Dr. Melvin Morse is expected to make a preliminary court appearance Thursday to face felony child endangerment charges for allegedly using a method of torture to discipline his stepdaughter.
Police say Morse, a Georgetown pediatrician who has researched near-death experiences, may have been experimenting on his 11-year-old stepdaughter by waterboarding her. In documents obtained by the Associated Press Tuesday, police said Dr. Melvin Morse brought the girl “to a possible near-death state from the simulation of drowning.” The victim’s mother, Pauline Morse, is also facing child endangerment charges for witnessing some of the incidents, but not stopping it.
Police accuse Morse of holding the girl’s face under a running faucet causing the water to go up her nose and all over her face. In an affidavit seeking permission to search Morse’s computers, police say the waterboarding would fall into his area of study. Morse has received nationwide attention for his research into near-death experiences involving children.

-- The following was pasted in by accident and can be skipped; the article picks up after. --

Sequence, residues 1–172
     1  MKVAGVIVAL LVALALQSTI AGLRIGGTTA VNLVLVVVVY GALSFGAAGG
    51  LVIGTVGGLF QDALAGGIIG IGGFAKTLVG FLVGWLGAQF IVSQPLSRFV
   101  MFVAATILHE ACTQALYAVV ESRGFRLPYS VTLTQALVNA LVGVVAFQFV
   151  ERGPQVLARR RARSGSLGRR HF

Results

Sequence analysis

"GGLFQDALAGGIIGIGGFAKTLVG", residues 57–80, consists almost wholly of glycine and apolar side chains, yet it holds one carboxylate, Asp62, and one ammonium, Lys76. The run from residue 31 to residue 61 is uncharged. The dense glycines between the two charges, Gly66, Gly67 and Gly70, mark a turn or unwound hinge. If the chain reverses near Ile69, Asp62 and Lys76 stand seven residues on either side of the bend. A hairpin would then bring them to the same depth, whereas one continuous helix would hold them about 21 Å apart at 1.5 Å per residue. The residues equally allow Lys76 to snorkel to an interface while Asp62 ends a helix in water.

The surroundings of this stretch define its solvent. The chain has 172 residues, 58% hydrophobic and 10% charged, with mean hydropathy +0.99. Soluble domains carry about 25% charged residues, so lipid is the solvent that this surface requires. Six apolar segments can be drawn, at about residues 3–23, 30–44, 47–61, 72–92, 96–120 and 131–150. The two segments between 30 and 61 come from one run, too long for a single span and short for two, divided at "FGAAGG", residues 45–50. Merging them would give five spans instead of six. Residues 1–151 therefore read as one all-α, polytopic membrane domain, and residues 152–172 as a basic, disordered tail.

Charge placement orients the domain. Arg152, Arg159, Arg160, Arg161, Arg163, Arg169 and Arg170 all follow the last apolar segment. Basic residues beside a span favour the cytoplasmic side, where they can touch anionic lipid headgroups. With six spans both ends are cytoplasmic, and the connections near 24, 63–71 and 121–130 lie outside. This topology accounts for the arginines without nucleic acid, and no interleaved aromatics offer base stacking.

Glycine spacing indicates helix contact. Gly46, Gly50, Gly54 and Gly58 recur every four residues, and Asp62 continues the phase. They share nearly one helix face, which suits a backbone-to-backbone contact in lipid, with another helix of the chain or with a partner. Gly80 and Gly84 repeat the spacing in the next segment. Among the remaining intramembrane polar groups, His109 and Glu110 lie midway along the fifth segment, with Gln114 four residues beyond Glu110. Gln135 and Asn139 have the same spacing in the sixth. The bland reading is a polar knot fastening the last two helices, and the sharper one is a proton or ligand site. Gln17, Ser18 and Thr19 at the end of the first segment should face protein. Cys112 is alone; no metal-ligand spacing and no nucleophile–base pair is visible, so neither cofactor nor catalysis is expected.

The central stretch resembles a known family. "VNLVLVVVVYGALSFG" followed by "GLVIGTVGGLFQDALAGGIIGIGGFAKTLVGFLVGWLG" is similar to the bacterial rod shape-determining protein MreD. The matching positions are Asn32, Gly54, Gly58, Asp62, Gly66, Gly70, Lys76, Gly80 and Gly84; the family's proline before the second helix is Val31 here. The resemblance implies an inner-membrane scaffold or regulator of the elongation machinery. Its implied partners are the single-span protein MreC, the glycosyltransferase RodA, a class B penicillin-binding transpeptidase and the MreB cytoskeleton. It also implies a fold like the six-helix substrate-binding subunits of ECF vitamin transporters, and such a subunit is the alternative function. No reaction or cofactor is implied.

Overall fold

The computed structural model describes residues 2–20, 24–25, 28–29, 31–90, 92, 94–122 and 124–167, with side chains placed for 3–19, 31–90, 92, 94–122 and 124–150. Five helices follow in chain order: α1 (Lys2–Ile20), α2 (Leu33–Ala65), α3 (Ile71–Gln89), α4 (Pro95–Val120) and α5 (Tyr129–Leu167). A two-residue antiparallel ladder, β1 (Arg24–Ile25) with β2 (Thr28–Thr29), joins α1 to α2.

Based on his work involving children’s out-of-body experiences, police have suggested he may have been experimenting on his daughter. In a review of one of his books by the American Library Association’s Booklist, Morse’s knowledge about the subject is accredited to “years of working with children who have had near-death experiences.”
Joe Hurley is an attorney for Morse. He says the idea that Morse was experimenting on his own daughter is “the sheerest of speculation.” Morse has said the charges against him stem from an overreaction by authorities.
Court records show Morse was tormented by personal and financial problems, but he was also known as a brilliant pediatrician at a renowned children’s hospital in Seattle and a best-selling author who parlayed his research on near-death experiences into appearances on “Larry King Live” and “The Oprah Winfrey Show.”